Patrick Henry O’Rorke was born in County Cavan, Ireland on March 25, 1837. His family emigrated from Ireland when Patrick was but a year old, eventually settling in the “Little Dublin” neighborhood of Rochester, N.Y. An excellent student, he earned one of two scholarships to the newly formed University of Rochester. However, his father’s sudden death required young Patrick to take a job as a marble cutter to support his family.
Patrick’s talents were too considerable to go unrecognized for long. He came to the attention of Congressman John Williams, who recommended him for the U.S. Military Academy at West Point. He was appointed to the Academy on January 20, 1857, and became the first Irish Immigrant to be enrolled in the Corps of Cadets. Despite the humbleness of his origins, foreign birth, Catholic religion and being a bit older than his fellow cadets, O’Rorke was well liked and respected by his classmates who knew him as “Paddy.” An upperclassman later recalled O’Rorke as “popular with all . . . I was impressed by his manly bearing – his kindness and unassuming manner.”
While O’Rorke was a member of the class of 1862, the outbreak of the war in 1861 and the shortage of trained officers resulted in his class’ studies being accelerated so that they would graduate with the class of 1861. Despite having to cram the final years’ worth of studies into six weeks, O’Rorke, the first Irish immigrant to graduate West Point, finished first in his class. As an aside, his better-known classmate George Armstrong Custer finished last. O’Rorke was appointed to the prestigious Corps of Engineers.
O’Rorke was at the First Battle of Bull Run where the new lieutenant had his horse shot out from under him. He then was assigned as an engineer to help prepare the defenses of Washington D.C. from what was feared would be an imminent Confederate assault. Later, he served with such conspicuous distinction during the siege of Fort Pulaski on Cockspur Island near Savannah, Georgia that O’Rorke was given the high honor of being one of the officers to receive the Confederate surrender of the fort.
O’Rorke returned to Rochester to be married to Clara Bishop and appointed Colonel of the newly formed 140th NY Regiment. The 140th New York was composed primarily of German and Irish recruits, half of the regiment’s soldiers were born in another country. Despite being only 25 and commanding a regiment of hardscrabble Erie Canal boatman and farmers, O’Rorke soon had them molded into an efficient military unit. O’Rorke’s adjutant Ira Clark wrote that “every man knew that in his Colonel, so long as he did his duty, he had a kind friend.”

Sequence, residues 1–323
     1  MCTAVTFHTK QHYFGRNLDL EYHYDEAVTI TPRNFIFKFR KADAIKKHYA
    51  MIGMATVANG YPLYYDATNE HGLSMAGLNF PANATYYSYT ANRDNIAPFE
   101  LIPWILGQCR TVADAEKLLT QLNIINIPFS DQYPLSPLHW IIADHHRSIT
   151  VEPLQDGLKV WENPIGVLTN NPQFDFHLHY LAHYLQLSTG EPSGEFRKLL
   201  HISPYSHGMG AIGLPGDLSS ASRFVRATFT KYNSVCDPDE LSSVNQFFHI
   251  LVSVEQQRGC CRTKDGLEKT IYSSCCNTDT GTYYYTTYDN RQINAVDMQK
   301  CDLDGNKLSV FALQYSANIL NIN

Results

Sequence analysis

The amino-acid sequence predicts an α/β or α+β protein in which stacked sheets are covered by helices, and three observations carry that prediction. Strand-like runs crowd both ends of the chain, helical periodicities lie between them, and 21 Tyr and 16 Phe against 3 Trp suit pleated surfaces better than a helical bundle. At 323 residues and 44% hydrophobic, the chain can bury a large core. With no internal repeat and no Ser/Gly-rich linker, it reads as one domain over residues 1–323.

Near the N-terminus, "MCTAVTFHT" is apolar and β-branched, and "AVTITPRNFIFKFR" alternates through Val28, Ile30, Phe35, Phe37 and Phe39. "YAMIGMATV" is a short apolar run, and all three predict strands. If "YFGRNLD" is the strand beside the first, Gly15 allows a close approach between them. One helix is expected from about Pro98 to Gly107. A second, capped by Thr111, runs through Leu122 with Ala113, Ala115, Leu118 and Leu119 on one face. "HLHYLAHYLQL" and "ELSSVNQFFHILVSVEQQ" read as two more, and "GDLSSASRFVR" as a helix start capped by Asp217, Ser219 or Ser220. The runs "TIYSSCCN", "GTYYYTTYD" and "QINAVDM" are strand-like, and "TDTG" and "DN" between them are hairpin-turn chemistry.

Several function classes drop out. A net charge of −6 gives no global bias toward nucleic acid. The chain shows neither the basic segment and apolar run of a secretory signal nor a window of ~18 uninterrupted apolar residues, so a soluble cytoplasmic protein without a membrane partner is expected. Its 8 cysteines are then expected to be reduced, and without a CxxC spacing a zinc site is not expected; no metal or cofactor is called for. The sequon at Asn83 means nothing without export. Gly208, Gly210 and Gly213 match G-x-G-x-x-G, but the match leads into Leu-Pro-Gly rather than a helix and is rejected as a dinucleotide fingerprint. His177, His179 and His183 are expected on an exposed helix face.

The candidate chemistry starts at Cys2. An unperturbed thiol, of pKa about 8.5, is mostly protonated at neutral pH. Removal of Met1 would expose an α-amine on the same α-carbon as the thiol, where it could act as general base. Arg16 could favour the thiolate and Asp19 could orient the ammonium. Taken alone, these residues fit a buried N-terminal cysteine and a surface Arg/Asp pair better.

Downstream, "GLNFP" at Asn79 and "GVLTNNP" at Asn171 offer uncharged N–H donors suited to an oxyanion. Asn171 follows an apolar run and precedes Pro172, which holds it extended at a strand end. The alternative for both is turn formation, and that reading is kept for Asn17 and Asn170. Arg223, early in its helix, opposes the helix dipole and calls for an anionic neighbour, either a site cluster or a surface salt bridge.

O’Rorke and the 140th NY saw action at the Battle of Fredericksburg and Chancellorsville. On July 2nd, 1863 the 140th arrived by forced march at Gettysburg on the battle’s second day. As part of the 3rd Brigade, the 140th was immediately ordered to an area known as “the Wheatfield” to avert a potential disaster caused by a blunder made by Union General Dan Sickles. As the 3rd Brigade moved off with the 140 the last regiment in line, General Gouverneur K. Warren rode up to O’Rorke. Warren had discovered that a steep hill called “Little Roundtop” which dominated the Union position had been left undefended. Warren knew O’Rorke from West Point; he had been his Mathematics instructor. He ordered O’Rorke to reinforce Little Round Top; “Never mind (your Brigade Orders), Paddy. Bring them up on the double-quick and don’t stop for aligning. I’ll take the responsibility.”
This put O’Rorke in a dilemma. O’Rorke had no obligation to follow Warren’s orders countermanding his Brigade Commander. If things went badly in the Wheatfield, O’Rorke could be held responsible and face Court Martial and ruin. Warren’s well-meaning assurance to “take the responsibility” would matter little if Warren should be killed in a battle that had already claimed so many lives.
O’Rorke did not hesitate. Warren’s aide and fellow New Yorker George Washington Roebling, who would later build the Brooklyn Bridge, guided O’Rorke and his men as they scrambled up the steep hill; already exhausted from the forced march and oppressive July heat. Reaching the top, O’Rorke saw the line of 16th Michigan beginning to crumble.
Without pause, O’Rorke drew his sword from his scabbard, and yelled: “down this way, boys!” The lead elements of the 140th plunged over the side and “went in with a cheer,” following their Colonel to be met with a devastating volley from the advancing Confederates. O’Rorke grabbed the regimental flag and turned to urge his men forward when a bullet ripped through his neck. Patrick O’Rorke was dead before he hit the ground. He was 26 years old.
Harry Pfantz, the Chief Historian of the National Park Service, wrote that “O’Rorke’s five hundred men tipped the scales heavily in the defenders’ favor.” The Union would hold Little Round Top and defeat the Confederates. In his history of the American Civil War, the Comte de Paris would describe O’Rorke’s actions as one of the most striking and dramatic episodes of the battle. Col. Joshua Chamberlain and the 20th Maine would earn just immortality for their actions on Little Round Top later in the day. However, the actions of Chamberlain and the 20th Maine would not have been possible without O’Rorke, and the 140th NY; their deeds should be equally remembered and honored.
Postscript: O’Rorke’s young widow Clara Bishop would take her vows as a nun of the Society of the Sacred Heart and have a distinguished career as an educator and foundress of several schools.